Tesla shares slide could put Musk’s Twitter takeover at risk


Elon Musk at site of Tesla's gigafactory in Germany in 2021.

Reuters

Tesla shares have fallen after investor concerns that boss Elon Musk may have to sell shares in the electric car maker to help pay for the takeover of Twitter.

Tesla had more than $125bn (£99.3bn) wiped off its market value on Tuesday.

One analyst said the slump in Tesla’s value may pose problems for a $12.5bn loan Mr Musk has secured against his stake in the company.

The issues highlight the challenges he faces as he tries to run five firms.

Tesla’s share price has taken a hammering, with some investors wondering whether Mr Musk’s Twitter purchase is bad for Tesla.

Shares dropped 12.2% from just over $1tn to $906bn.

Some are now asking whether Elon Musk, by trying to buy Twitter, may have bitten off more than he can chew.

Mr Musk is a famous workaholic. In 2019 he was asked on Twitter whether it was true that he worked 90 hour weeks.

“In recent years, hours were much higher,” he said. “I don’t recommend it though – bad for health and happiness.”

Mr Musk runs Tesla, the most valuable car company in the world. He also heads up Space X, a company that designs, manufactures and launches advanced rockets and spacecraft.

He also founded the Boring Company, that looks to revolutionise transport through tunnelling and Neuralink, with a mission to connect humans brains with computers.

That is already a lot to think about.

Musk what he owns

Now Mr Musk is looking to take on one of the hardest jobs in Silicon Valley – the new owner of Twitter.

Twitter isn’t a normal technology company. It is a news generating machine which is influential around the world.

Influencers are on TikTok, world leaders are on Twitter. And if you think Twitter’s impact is consigned to the West, think again.

Twitter’s most followed global leader by a country mile is India’s prime minister, Narendra Modi.

But Twitter’s huge influence comes with huge challenges. As the global “town square” for debate, Twitter has to decide how to moderate the platform.

Mr Musk says he is a “free speech absolutist”. But make no mistake, the platform will still need to be moderated.

On Tuesday, he clarified what he meant: “By ‘free speech’, I simply mean that which matches the law,” he said.

The BBC is not responsible for the content of external sites.View original tweet on Twitter

But there are real problems with that definition. For one, the law is different in different countries.

It is also often difficult to know whether a tweet breaks the law in real time.

Did tweets encouraging the storming of Capitol Hill in Washington cross the line into insurrection? Where does criticism become libel? When does hate speech directed towards someone become abuse or harassment?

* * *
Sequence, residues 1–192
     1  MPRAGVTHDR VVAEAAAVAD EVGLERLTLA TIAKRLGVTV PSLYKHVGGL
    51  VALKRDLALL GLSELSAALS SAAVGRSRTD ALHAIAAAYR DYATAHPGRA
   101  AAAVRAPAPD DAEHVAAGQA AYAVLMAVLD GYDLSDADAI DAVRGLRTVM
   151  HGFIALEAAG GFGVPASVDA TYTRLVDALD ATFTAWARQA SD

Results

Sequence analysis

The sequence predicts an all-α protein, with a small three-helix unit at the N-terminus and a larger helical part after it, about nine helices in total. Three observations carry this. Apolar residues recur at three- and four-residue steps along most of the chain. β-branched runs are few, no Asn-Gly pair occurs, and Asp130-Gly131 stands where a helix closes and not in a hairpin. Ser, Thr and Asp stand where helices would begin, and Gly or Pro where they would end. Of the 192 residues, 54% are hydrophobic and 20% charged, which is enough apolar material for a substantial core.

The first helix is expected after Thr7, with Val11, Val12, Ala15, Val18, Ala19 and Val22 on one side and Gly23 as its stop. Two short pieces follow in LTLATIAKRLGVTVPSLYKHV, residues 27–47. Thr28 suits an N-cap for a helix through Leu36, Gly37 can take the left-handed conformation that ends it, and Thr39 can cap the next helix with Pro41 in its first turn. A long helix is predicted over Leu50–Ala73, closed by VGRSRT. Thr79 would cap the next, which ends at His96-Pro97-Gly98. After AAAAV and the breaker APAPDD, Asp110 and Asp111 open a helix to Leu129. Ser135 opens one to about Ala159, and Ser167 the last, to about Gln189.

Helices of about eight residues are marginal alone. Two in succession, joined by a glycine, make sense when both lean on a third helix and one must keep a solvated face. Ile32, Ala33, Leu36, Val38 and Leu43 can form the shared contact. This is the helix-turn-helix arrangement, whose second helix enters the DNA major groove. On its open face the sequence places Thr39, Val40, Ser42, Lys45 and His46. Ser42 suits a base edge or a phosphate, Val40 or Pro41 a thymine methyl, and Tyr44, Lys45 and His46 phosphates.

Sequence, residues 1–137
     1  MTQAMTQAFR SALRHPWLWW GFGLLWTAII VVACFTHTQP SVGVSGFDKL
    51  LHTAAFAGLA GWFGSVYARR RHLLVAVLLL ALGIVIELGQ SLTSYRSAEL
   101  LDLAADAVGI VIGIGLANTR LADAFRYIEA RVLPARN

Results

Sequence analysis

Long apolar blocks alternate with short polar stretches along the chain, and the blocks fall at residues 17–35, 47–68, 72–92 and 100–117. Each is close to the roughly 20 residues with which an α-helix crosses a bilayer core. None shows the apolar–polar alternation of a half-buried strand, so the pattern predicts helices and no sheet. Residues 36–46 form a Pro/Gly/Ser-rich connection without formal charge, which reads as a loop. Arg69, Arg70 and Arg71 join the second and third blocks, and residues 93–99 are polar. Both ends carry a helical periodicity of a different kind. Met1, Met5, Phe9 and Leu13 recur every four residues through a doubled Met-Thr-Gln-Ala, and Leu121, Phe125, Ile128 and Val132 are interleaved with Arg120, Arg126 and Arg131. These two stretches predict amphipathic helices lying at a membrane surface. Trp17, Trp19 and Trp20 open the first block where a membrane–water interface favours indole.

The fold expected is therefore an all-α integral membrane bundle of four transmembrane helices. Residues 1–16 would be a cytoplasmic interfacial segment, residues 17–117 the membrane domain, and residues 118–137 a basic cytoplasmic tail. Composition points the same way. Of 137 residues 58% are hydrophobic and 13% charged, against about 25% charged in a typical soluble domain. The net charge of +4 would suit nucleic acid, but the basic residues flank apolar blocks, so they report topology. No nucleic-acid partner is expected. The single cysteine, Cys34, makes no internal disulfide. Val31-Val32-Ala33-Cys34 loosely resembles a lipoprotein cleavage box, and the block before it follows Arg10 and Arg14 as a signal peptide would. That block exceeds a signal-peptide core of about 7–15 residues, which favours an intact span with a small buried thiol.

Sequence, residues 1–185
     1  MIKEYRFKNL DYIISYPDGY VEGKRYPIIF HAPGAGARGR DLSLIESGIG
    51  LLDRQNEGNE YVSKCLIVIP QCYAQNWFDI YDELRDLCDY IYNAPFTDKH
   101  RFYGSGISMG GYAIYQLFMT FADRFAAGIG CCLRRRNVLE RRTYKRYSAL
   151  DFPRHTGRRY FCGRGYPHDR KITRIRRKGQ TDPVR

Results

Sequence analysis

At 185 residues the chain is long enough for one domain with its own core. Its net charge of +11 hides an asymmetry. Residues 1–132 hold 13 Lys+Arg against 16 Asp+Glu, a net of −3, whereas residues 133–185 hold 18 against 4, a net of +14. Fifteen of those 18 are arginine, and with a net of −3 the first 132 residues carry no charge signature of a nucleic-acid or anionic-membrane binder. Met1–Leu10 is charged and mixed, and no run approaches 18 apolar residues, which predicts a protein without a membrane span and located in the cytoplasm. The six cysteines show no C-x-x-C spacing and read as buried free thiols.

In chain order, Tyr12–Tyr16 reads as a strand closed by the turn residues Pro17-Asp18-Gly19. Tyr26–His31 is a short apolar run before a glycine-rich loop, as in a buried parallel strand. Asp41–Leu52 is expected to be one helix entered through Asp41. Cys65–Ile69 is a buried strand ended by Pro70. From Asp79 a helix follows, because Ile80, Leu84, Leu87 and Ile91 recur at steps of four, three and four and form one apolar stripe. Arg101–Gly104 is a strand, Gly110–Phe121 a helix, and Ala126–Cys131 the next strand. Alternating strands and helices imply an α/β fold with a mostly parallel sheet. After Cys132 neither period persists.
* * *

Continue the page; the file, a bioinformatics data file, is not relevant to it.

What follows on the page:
In February, I interviewed the chief executive of Gab, Jason Miller. He’s Donald Trump’s former spokesperson, and now heads up a “free speech” alternative to Twitter.

And yet Gab has a load of rules on what you can and can not say.

“I spend a lot of time on moderation policy, it’s probably what I get enquiries from people about the most,” he said.

So Mr Musk is going to have to spend an awful lot of time thinking about, and resource the policing of Twitter, whatever happens.

Twitter has some other fairly significant structural problems. Unlike its Silicon Valley peers like Facebook or YouTube, Twitter has never been very good at making money from the platform.

Mr Musk believes he can turn that around. But that will take time and effort.

And some are now wondering whether he has the time to be able to do that without hurting the other companies he runs.

“Unless Elon Musk has invented a way to add hours to the day, there’s just only so much time that he can devote to all of this,” says Tim Higgins, author of Power Play: Tesla, Elon Musk, and the Bet of the Century.

“I would imagine that in the next few months, years, he’s going to be deeply in the weeds of Twitter. And if you’re an investor in Tesla, you’re probably a little nervous about that,” Mr Higgins said.

Tesla shareholders are also concerned the deal could mean his selling off a stake in the car firm.

As part of the deal he has to stump up $21bn in equity himself. It is not yet clear where this money is coming from.

The rest of the money is being raised by loans using Mr Musk’s assets as collateral.

It means that if Tesla shares begin to tumble, it could scupper a deal that is structured around the intrinsic value of those shares.

“If Tesla’s share price continues to remain in freefall that will jeopardise his financing,” Oanda senior market analyst Ed Moya said.

Mr Musk is not the first entrepreneur to found multiple companies. Steve Jobs co-founded Apple and Pixar. Jack Dorsey was chief executive of Twitter and Block.

But to run five companies means entrusting others to effectively run the businesses on your behalf.

And that rubs up against Mr Musk’s nature – who is a self-proclaimed “nano-manager”.

Last year, he said he didn’t want to be chief executive of Tesla. I asked him why. He told me he didn’t want to be chief executive of anything.

That may be true. But he most certainly wants to be involved in the day to day running of these companies.

His biographer, Walter Isaacson, said on Tuesday that Mr Musk was working at Space X when the Twitter bid was accepted. That evening he attended a 10pm meeting about engine design.

“He spent more than an hour working on valve leak solutions. No one mentioned Twitter. He can multi-task,” he said.

That Mr Musk can multi-task is without question. But will he able to spin so many plates at once, without them all coming crashing down?

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